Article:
A federal judge in Eugene, Oregon, has just ruled that 21 young Americans can proceed to trial in a suit against the Obama administration. The suit alleges that the government has known about climate change for decades, but failed to address it, denying these children and teenagers their right to a safe future. “This is an extraordinarily important case, because these plaintiffs have alleged that their fundamental due process rights have been violated by the failure of the U.S. government to have a proper climate plan that’s going to keep them safe,” says economist Jeffrey Sachs, director of The Earth Institute at Columbia University.
AMY GOODMAN: We’re talking to Jeffrey Sachs, leading economist, director of The Earth Institute at Columbia University. You’re still Bernie Sanders’ adviser, through the presidential campaign and now. What do you see is Bernie Sanders’ role? We just watched him standing outside the White House giving this speech.
JEFFREY SACHS: Well, he’s a political and a thought leader for tens of millions of Americans. And I think he’s speaking the truth to the public, and that’s why the public resonated. We also know that he would have beat Donald Trump handily had he been in the general elections versus Trump. So, he’s a very, very important figure in America. And when he speaks, people are listening, because he’s speaking the truth.
AMY GOODMAN: I want to turn to a clip right now. A federal judge in Eugene, Oregon, named Judge Ann Aiken, has just ruled that 21 young Americans can proceed to trial in a suit against the Obama administration. The suit alleges that the government has known about climate change for decades, but failed to address it, denying these children and teenagers their right to a safe future. Last year, Democracy Now! spoke to Aji Piper, 15-year-old Seattle resident and a member of Earth Guardians’ Rising Youth for a Sustainable Earth. He’s one of the youth plaintiffs in the landmark lawsuit filed by Our Children’s Trust.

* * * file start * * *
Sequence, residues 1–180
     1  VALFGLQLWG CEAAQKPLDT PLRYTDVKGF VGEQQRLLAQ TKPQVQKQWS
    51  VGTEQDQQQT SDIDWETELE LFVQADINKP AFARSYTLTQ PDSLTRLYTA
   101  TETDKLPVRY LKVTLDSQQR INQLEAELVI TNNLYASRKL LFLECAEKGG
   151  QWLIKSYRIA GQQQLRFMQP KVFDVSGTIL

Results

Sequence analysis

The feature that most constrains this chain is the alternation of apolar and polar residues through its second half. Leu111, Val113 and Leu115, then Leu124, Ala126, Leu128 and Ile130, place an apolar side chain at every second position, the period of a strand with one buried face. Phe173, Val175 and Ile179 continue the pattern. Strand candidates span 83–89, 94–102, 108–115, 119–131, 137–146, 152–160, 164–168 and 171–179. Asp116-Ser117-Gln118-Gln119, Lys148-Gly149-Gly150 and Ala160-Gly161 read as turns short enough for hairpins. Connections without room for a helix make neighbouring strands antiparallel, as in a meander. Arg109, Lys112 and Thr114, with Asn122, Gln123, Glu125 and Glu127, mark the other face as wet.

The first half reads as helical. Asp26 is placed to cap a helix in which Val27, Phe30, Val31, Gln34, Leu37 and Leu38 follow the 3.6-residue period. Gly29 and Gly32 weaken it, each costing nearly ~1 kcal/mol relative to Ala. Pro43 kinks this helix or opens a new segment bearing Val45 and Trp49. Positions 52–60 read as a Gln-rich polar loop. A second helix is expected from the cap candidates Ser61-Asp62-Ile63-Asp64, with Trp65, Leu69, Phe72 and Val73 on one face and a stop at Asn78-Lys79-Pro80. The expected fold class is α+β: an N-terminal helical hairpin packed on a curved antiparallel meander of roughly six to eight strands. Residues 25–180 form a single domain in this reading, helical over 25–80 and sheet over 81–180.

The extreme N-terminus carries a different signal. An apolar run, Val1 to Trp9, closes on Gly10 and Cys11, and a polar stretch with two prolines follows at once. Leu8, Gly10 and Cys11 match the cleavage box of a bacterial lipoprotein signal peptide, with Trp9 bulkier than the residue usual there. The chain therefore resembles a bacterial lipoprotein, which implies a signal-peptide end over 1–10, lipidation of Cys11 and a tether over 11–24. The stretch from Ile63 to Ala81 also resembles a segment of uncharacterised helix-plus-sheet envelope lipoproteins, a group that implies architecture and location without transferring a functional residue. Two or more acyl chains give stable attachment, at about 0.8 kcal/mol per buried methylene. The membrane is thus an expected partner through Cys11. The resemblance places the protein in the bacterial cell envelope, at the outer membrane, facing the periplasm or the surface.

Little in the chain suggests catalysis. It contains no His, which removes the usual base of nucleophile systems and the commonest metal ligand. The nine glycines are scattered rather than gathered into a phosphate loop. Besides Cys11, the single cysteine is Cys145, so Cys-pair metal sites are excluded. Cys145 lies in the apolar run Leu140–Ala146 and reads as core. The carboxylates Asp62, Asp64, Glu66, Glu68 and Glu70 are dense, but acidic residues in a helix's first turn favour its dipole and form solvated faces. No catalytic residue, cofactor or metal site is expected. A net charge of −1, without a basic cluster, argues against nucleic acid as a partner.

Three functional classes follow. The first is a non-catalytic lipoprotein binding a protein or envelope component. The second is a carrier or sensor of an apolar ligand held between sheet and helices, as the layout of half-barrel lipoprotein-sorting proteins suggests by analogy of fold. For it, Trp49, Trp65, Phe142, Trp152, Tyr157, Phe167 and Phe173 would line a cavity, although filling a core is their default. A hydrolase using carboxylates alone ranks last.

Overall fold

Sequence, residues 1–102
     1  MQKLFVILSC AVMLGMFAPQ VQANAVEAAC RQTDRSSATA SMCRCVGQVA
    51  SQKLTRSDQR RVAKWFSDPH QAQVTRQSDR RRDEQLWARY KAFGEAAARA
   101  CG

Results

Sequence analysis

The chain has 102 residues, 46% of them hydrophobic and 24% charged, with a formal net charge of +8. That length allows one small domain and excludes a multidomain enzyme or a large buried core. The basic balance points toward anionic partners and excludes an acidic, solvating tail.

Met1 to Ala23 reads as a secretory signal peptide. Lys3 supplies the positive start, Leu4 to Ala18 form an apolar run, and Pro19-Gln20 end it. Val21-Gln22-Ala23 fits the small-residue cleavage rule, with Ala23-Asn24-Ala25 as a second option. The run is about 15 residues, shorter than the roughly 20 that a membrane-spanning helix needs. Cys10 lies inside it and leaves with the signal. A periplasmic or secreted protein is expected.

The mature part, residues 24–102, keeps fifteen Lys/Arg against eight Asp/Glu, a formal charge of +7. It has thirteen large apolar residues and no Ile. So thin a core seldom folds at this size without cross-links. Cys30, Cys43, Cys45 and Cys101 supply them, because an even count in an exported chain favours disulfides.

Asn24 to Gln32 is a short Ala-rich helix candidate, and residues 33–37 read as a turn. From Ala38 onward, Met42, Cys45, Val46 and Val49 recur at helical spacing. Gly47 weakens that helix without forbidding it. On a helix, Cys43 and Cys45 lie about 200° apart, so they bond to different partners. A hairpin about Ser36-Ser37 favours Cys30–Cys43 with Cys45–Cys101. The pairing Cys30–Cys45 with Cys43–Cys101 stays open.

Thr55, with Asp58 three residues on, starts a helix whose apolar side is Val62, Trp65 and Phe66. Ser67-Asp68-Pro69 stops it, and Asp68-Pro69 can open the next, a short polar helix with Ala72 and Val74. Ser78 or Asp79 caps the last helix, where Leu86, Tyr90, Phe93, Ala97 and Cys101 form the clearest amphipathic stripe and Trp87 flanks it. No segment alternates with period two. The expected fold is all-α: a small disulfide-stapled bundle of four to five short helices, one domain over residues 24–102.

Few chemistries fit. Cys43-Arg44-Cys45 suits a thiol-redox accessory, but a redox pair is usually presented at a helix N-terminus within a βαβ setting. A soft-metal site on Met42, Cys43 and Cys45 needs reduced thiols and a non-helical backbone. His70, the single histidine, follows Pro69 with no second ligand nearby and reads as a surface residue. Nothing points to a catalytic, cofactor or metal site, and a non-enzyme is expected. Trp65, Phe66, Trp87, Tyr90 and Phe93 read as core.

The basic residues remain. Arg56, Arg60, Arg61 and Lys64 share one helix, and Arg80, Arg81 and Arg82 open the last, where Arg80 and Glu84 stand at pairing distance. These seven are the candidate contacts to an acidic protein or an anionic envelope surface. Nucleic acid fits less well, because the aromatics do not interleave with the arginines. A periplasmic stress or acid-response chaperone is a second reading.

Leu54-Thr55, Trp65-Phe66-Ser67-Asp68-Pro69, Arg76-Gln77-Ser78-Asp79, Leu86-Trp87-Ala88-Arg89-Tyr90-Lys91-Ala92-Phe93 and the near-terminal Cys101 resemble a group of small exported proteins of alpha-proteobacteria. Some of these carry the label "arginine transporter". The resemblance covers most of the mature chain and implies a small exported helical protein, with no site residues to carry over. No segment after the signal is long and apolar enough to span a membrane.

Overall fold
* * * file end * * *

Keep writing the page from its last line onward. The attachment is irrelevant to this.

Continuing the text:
AJI PIPER: What concerns me most about climate change is—I mean, it’s a very, like, hard thing, because you have to imagine, like, the future. And we know, like, if we don’t act on climate change, the world is not going to, like, end in like a flash and a bang. But what will end up happening is either my generation will feel the effects, where we have to fight for survival. On the Earth, you know, life will be very, very different. It won’t be like—we won’t be as privileged to live on the Earth. It will be a lot harder. But then also you think about, you know, we’re putting generations that haven’t been born yet and generations to come in the position where they have to deal with that, and that’s not a position anybody should be put in. And it’s just not fair. So it’s a moral, logical thing.
AMY GOODMAN: So, tell us about the children’s suit and what this means to go forward, Jeffrey Sachs.
JEFFREY SACHS: This is an extraordinarily important case, because these plaintiffs have alleged that their fundamental due process rights have been violated by the failure of the U.S. government to have a proper climate plan that’s going to keep them safe, and that the United States government is not exercising its most fundamental public trust functions. And while the government then made a motion to dismiss this case, the judge said, “Not so fast. There are real, crucial issues that have been raised here. This has to go to trial.” And this is a marvelous step forward.